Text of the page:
The London Howlin' Wolf Sessions is an album by blues musician Howlin' Wolf released in 1971 on Chess Records, and on Rolling Stones Records in Britain. It was one of the first super session blues albums, setting a blues master among famous musicians from the second generation of rock and roll, in this case Eric Clapton, Steve Winwood, Charlie Watts, and Bill Wyman. It peaked at #79 on the Billboard 200.
"Wang Dang Doodle" is a blues song written by Willie Dixon. Music critic Mike Rowe calls it a party song in an urban style with its massive, rolling, exciting beat. It was first recorded by Howlin' Wolf in 1960 and released by Chess Records in 1961. In 1965, Dixon and Leonard Chess persuaded Koko Taylor to record it for Checker Records, a Chess subsidiary. Taylor's rendition quickly became a hit, reaching number thirteen on the Billboard R&B chart and number 58 on the pop chart. "Wang Dang Doodle" became a blues standard and has been recorded by various artists.
"Little Red Rooster" is a blues standard credited to arranger and songwriter Willie Dixon. The song was first recorded in 1961 by American blues musician Howlin' Wolf in the Chicago blues style. His vocal and slide guitar playing are key elements of the song. It is rooted in the Delta blues tradition and the theme is derived from folklore. Musical antecedents to "Little Red Rooster" appear in earlier songs by blues artists Charlie Patton and Memphis Minnie.
"I Ain't Superstitious" is a song written by bluesman Willie Dixon and first recorded by Howlin' Wolf in 1961. It recounts various superstitions, including that of a black cat crossing the pathway. The song has been recorded by a number of artists, including Jeff Beck, whose version has been acknowledged by Rolling Stone magazine.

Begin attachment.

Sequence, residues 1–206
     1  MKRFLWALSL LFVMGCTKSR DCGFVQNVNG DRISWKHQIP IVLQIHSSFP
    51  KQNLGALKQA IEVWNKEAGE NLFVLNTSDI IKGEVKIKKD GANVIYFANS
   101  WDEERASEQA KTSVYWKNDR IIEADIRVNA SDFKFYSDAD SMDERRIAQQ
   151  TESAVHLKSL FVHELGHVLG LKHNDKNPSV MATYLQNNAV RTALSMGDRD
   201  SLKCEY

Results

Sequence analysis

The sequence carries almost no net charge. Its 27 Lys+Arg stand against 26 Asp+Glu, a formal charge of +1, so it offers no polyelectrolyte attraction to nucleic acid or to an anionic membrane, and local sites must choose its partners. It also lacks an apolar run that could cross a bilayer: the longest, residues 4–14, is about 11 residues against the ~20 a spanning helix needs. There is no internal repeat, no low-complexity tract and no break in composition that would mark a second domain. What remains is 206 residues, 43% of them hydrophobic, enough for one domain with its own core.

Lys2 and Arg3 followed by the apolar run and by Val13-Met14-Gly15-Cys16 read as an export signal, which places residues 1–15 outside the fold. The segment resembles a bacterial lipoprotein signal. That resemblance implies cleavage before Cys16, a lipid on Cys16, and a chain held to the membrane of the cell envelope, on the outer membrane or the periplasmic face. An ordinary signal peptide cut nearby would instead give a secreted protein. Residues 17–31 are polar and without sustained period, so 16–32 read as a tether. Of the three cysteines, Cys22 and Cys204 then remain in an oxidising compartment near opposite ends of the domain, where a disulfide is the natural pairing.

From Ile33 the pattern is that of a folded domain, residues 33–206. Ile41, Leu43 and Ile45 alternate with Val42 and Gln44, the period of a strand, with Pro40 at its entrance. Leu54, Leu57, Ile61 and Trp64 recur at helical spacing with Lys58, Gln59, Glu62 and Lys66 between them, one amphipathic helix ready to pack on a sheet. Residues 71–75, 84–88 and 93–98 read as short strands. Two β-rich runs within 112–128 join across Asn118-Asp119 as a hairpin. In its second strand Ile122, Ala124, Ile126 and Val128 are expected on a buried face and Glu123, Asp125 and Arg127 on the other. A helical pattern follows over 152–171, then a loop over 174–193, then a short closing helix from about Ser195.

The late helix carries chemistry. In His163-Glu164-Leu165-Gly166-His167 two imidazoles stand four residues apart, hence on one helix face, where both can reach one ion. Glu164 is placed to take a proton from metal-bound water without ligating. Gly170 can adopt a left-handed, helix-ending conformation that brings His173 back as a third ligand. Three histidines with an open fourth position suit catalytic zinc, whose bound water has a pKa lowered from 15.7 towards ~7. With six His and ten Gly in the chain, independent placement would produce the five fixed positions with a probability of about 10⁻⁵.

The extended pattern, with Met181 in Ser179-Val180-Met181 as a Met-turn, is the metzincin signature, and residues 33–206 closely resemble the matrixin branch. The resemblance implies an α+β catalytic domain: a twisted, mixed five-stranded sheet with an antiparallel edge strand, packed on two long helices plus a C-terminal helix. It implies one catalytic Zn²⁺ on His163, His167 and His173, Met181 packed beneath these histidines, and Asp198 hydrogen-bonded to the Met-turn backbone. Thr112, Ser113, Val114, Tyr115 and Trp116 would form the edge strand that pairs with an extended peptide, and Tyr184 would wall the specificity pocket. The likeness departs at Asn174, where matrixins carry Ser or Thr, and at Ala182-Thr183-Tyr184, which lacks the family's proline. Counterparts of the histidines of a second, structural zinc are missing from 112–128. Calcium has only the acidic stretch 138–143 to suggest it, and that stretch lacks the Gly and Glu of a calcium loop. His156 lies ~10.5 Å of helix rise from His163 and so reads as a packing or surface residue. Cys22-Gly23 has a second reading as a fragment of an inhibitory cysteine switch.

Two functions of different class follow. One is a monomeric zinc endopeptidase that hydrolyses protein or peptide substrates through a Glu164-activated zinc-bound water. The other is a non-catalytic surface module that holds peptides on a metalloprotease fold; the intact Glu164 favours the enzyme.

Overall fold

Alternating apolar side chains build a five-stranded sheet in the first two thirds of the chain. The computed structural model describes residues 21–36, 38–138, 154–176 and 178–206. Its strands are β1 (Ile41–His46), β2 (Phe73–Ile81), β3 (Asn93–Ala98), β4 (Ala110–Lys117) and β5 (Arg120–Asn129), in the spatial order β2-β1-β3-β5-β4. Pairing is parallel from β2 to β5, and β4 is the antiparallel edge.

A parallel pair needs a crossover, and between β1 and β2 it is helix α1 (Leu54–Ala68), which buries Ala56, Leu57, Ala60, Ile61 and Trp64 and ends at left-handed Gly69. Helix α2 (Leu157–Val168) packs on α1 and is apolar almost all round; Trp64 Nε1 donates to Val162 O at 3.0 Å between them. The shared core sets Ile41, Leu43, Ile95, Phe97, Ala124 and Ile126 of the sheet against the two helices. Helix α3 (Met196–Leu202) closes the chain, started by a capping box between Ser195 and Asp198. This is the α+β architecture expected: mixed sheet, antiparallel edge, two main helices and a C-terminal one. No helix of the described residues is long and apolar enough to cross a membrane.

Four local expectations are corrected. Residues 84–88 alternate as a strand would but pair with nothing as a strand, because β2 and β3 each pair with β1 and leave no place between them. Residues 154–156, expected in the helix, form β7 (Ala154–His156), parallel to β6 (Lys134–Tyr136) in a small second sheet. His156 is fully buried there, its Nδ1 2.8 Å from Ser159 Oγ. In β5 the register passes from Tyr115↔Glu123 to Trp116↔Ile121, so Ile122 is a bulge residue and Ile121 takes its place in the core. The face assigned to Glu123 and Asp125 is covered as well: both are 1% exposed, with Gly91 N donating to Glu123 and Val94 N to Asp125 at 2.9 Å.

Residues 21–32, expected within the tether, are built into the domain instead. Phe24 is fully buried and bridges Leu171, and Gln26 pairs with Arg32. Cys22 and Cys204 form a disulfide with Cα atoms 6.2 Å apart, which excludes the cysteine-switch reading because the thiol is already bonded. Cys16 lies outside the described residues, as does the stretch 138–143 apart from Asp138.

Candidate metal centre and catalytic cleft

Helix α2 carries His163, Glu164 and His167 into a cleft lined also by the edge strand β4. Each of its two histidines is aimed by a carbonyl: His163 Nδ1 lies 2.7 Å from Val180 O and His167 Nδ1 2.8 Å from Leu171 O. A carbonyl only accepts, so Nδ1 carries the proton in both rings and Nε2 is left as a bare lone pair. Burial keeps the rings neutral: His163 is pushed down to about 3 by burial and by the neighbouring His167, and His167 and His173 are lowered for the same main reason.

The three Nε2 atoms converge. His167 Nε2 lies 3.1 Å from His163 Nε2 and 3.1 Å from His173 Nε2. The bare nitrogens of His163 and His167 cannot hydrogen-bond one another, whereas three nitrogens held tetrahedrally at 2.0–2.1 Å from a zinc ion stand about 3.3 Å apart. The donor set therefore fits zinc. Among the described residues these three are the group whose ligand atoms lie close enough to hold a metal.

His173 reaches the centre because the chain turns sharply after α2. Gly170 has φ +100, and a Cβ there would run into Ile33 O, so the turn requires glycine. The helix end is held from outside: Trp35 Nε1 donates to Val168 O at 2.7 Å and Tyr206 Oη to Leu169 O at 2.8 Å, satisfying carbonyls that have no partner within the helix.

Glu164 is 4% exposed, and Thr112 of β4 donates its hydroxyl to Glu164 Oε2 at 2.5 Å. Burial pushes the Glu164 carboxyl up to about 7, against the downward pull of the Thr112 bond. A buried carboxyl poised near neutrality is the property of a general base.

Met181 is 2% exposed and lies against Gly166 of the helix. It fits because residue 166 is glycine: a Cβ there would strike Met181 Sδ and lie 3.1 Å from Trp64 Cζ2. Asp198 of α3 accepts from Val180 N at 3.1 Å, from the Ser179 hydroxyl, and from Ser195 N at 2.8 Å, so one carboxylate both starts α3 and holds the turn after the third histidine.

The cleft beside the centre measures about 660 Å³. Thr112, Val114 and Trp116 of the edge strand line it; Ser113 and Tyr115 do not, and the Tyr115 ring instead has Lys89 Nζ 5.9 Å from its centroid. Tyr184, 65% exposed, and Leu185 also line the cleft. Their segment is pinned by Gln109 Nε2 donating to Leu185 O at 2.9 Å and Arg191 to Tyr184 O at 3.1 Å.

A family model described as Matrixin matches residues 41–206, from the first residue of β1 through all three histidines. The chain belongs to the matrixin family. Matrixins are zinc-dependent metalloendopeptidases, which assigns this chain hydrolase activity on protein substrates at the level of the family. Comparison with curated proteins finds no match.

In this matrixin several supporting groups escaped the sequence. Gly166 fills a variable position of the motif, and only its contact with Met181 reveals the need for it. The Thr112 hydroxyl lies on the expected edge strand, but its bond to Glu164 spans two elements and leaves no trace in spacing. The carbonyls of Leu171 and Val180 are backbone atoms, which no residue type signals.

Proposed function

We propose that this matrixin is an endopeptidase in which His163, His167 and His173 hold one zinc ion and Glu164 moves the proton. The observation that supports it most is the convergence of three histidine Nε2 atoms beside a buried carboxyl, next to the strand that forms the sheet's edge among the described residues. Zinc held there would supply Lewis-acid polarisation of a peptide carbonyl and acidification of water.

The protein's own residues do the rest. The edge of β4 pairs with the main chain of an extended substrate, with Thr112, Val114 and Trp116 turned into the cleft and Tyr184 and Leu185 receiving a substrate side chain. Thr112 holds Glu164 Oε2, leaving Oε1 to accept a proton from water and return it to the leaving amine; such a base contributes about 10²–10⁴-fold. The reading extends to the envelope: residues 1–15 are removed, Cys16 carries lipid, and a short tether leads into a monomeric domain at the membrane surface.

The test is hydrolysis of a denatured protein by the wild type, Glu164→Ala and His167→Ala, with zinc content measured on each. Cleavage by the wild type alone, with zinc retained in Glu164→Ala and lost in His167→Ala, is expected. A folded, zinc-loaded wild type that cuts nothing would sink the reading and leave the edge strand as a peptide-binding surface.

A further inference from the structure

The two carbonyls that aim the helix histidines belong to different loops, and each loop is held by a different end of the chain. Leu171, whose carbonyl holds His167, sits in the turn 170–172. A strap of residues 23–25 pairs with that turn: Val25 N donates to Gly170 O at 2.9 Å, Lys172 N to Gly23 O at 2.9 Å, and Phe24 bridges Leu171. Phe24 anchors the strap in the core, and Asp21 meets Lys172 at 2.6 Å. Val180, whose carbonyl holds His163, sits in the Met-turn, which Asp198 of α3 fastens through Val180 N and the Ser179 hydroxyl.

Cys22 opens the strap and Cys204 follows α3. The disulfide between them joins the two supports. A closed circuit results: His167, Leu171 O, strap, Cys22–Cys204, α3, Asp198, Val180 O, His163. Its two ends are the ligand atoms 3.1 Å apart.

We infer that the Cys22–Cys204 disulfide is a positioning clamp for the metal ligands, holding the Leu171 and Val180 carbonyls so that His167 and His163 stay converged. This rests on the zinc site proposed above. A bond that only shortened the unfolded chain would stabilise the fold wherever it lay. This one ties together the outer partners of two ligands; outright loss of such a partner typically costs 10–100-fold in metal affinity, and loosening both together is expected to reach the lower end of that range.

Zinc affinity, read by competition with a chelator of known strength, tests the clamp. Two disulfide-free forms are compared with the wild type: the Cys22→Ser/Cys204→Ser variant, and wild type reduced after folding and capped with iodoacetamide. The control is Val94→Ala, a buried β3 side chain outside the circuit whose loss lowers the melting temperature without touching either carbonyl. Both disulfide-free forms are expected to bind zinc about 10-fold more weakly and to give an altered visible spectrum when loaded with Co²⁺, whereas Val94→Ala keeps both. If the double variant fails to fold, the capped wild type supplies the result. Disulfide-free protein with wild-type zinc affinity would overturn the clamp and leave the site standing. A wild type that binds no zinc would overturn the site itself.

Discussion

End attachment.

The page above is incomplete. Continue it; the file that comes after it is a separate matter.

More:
Stephen Dale Petit is an American-born guitarist, singer, songwriter and New Blues musician.
Henry Gray was an American blues piano player and singer born in Kenner, Louisiana. He played for more than seven decades and performed with many artists, including Robert Lockwood Jr., Billy Boy Arnold, Morris Pejoe, the Rolling Stones, Muddy Waters, and Howlin' Wolf. He has more than 58 albums to his credit, including recordings for Chess Records. He is credited as helping to create the distinctive sound of the Chicago blues piano.
The Howlin' Wolf Album is a 1969 album by Howlin' Wolf, with members of Rotary Connection as his backing band. It mixed blues with psychedelic rock arrangements of several of Howlin' Wolf's classic songs. Howlin' Wolf strongly disliked the album, which is noted on the album's cover. The album peaked at number 69 on Billboard magazine's Black Albums chart.
Eddie Shaw was an American Chicago blues tenor saxophonist, arranger and bandleader. He led Howlin' Wolf's band, the Wolf Gang, from 1972, both before Wolf's death in 1976 and subsequently.
Cracking the Code is the third studio album by Stephen Dale Petit, released on 15 September 2013 and recorded primarily at Blackbird Studios in Nashville. It was recorded by Grammy award-winning producer Vance Powell and consists of eleven original songs. The album features appearances from several notable guests including Howlin’ Wolf guitarist Hubert Sumlin, Dr. John, former Rolling Stones guitarist Mick Taylor and Patrick Carney of The Black Keys. Hubert Sumlin's contribution proved to be the last music he made prior to his death on 4 December 2011.
Jeffrey M. Carp was an American blues harmonica player, He is best known for his work with Muddy Waters, John Lee Hooker, and Howlin' Wolf. He played harmonica on numerous charting blues albums. He was also for a period of time, a side man in Earl Hooker's band.